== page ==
Barkley: Pension reform itself is a very broad umbrella, encompassing a wide range of actions. In most cases, reform involves pension benefits for new employees and/or for current employees covering future work. The vast majority of states have implemented some type of pension reform in recent years in the form of increased employee contributions and/or adjusted formula calculations of benefits. Even Illinois, which has been struggling to pass current pension reform legislation, was able to pass some level of reform in prior years.

Kentucky approved a three-pronged pension reform legislation earlier this year, a) requiring that the state begin to fully fund the annual required contribution by the year 2015; b) creating a defined-contribution plan for new employees; and c) mandating that any cost-of-living (COLA) adjustments be pre-funded going forward. Although Kentucky’s low funded ratio (47%) and high unfunded liability (around $5,000 per capita) are still an issue, these reforms show that the state is taking action to make its pension system more tenable.

Colorado has made some revisions to benefits in recent years, including lowering the COLA and changing retirement requirements, driven by the system’s poor funded ratio and high unfunded liability per capita. PERA, the Colorado state pension system, is currently 61.2% funded as a whole with a $4,819 UAAL per capita. The State Division of the system fares even worse from a funded ratio stand point at 57.7%. However, absent significant additional pension reform, a considerable increase in employer contributions will be required over time to have the fund remain fiscally solvent. This could potentially have a negative impact on the state’s credit quality in the medium to long term.

MuniNet: How might pension reform affect state employees on the flip side of the equation who might be forced to take a financial hit because of changes in benefits? 

Barkley: Indeed, the effect on state and local government employees can be a thorny issue; what may be best for a state’s fiscal health and credit quality could have a negative impact on government employees who suffer a reduction in benefits. Currently, 48 states offer some type of statutory protective provision to prevent the government from having to impair or reduce pension benefits.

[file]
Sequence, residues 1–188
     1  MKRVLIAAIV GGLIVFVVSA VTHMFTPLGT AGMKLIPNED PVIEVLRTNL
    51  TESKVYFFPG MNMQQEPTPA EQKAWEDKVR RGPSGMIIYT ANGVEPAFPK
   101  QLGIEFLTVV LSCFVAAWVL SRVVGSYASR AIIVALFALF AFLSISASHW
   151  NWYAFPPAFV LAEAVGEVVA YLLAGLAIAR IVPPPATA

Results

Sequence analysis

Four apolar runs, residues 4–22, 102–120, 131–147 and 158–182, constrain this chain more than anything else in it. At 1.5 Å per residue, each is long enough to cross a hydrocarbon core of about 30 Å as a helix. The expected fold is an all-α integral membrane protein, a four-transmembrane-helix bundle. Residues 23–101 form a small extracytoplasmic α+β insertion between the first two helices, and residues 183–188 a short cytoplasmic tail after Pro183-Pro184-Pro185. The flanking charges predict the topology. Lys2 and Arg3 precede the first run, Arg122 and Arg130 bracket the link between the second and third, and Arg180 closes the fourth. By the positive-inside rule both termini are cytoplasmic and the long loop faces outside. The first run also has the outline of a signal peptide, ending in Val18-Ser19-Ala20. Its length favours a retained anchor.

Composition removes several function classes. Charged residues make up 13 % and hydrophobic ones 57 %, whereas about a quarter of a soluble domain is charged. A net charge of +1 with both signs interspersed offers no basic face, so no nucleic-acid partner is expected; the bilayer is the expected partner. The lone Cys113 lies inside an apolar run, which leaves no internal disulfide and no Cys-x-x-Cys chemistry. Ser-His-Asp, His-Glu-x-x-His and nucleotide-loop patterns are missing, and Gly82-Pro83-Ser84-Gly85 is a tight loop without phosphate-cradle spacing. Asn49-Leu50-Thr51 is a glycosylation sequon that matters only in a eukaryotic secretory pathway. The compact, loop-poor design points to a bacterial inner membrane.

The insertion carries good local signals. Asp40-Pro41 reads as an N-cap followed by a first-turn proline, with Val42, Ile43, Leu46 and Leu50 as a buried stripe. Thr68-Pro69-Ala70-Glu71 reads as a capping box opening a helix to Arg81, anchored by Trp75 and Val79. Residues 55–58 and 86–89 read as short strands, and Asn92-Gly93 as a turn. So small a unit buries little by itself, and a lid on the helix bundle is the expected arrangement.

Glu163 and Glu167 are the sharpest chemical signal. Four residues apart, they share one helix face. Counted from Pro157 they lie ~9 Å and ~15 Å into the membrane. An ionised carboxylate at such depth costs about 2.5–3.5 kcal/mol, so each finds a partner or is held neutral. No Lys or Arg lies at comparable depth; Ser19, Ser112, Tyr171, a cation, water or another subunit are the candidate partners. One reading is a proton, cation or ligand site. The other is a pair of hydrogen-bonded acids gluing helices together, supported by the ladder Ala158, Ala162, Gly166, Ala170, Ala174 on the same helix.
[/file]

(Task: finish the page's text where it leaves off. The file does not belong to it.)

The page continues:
“Pension reform itself is a very broad umbrella, encompassing a wide range of actions. In most cases, reform involves pension benefits for new employees and/or for current employees covering future work.”

MuniNet: States struggling with unfunded pension liabilities are getting a lot of press these days. If we shift the focus to states on the other side of the spectrum, who are these states and what are they doing right/well?

Barkley: While there has been a lot of media attention on state and local governments that are experiencing challenges related to pension funding, our report found that the fiscal health of state pension plans varies widely from state to state. Despite economic challenges, many states have exceptionally strong plans, based on their high funded levels and low UAAL per capita ratios. Wisconsin leads the nation with a 99.9% funded ratio and UAAL of $18 per capita. Washington and North Carolina come in at number two and three among states, respectively, with funded ratios of 98.1% and 93.9% and UAALs per capita of $160 and $415.

In our analysis of state pension plans, we found one common element among states that appear to have a firm grasp on managing their pension liabilities: They do not hinder pension solvency in times of fiscal stress. Unlike states that are allowed to “kick the can” down the road, leaving greater liabilities for the future in hopes of better times, these states are required by law to pay the full contribution regardless of their economic or financial condition.

We were also able to identify several other “best practices” associated with strong state pension systems. In general, states that are managing their pension liabilities well:

  • consistently pay the annual required contribution (ARC);
  • tend to have realistic assumptions about their expenses over the medium and long term, thereby avoiding unexpected “surprises;”
  • enact pension reform as needed, creating new tiers of employee benefits, to address pension funding needs on an ongoing basis; and
  • make periodic changes to benefits, such as cost-of-living adjustments, rather than one-time adjustments.